Thought for the day: Noticing and wondering do not have to happen in any particular order. Allow students' ideas to flow naturally.

Concepts: average (mean); properties of addition (possibly division)

Beginning

I notice that the color of each segment matches the numeral.
I notice that the numbers could stand for the lengths of the segments.
I notice that the total length is 15 units.
I notice that in the top picture, the colored segments are different lengths, but in the bottom picture, they are the same.
I notice that both pictures have 3 parts.
I wonder what kind of real-world thing this picture could be about.

Exploring
I notice that the picture shows the sum, 7 + 2 + 6, rearranged into 3 equal parts.
I notice that I could make the second picture by moving 2 units from ‘7’ segment and 1 unit from the ‘6’ segment to the ‘2’ segment.
I wonder if I could draw pictures like this for other sums.
I wonder if the number of parts always has to stay the same for both lines.
I wonder if I could figure out the "equal parts" length without drawing a picture.
I notice that this picture is about visualizing means (averages).
I wonder if this picture could help me find other combinations of three numbers that have the same mean.
I wonder if I could use pictures like this to help me invent strategies to divide numbers.

Creating

As they notice and wonder, students may create their own diagrams like this prompt. Many of their ideas will flow from things that they have wondered about. For example, they may

Create stories to fit the prompt.
Create other diagrams with sums of 15.
Create other diagrams having other sums.
Create diagrams in which the sums have more (or fewer) than 3 parts.
Use number line diagrams to create new strategies for calculating means.
Create other types of diagrams (besides number lines) that show the concept of “mean.”

Reflecting and Extending

I notice that the mean is about equal sharing.
I wonder what would happen if the equal parts were not whole numbers.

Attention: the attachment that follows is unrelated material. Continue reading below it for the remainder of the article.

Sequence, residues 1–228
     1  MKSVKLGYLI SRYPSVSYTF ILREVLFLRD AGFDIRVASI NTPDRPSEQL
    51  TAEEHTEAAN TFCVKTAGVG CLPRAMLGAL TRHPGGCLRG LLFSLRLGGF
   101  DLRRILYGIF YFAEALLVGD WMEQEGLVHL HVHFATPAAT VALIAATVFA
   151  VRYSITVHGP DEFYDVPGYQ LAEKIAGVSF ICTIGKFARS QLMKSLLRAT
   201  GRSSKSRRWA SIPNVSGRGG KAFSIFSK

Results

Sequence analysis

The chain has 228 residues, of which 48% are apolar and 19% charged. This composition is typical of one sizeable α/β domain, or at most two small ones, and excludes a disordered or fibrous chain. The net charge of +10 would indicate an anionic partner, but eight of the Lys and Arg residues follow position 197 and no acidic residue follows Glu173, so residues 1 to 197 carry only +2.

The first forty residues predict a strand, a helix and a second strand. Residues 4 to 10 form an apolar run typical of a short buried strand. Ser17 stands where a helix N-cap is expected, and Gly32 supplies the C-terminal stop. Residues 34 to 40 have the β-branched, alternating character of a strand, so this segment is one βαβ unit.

I notice that the mean is kind of a “typical” number for a list.
I notice that the mean of two numbers is always exactly halfway between them.
I wonder what is the fastest way to find the mean when there are a lot of numbers.

Notes

Students often learn to think of the mean or average as a series of steps: "add the numbers and find divide by the number of numbers." The image above shows a meaning for this process. You are simply collecting everything together and then sharing it out equally.  You may use the prompt either to introduce the concept of the mean, or if students are already familiar with how to calculate it, to help them understand it conceptually.

To develop the concept further, you can ask students to (1) think of real-world situations for the image (2) talk about how 5 in the example is a "typical" size of the set of numbers 7, 2, and 6, (3) draw other pictures segments to represent means of others sets of numbers, or (4) draw other kinds of pictures (not necessarily segments) to illustrate combining things into a total and then sharing them out equally.

For example, suppose that each person in a group of kids had some cookies. If you listed the number of cookies that each child had, the mean of the numbers in that list would be the number of cookies each child would have if they shared the cookies equally among them.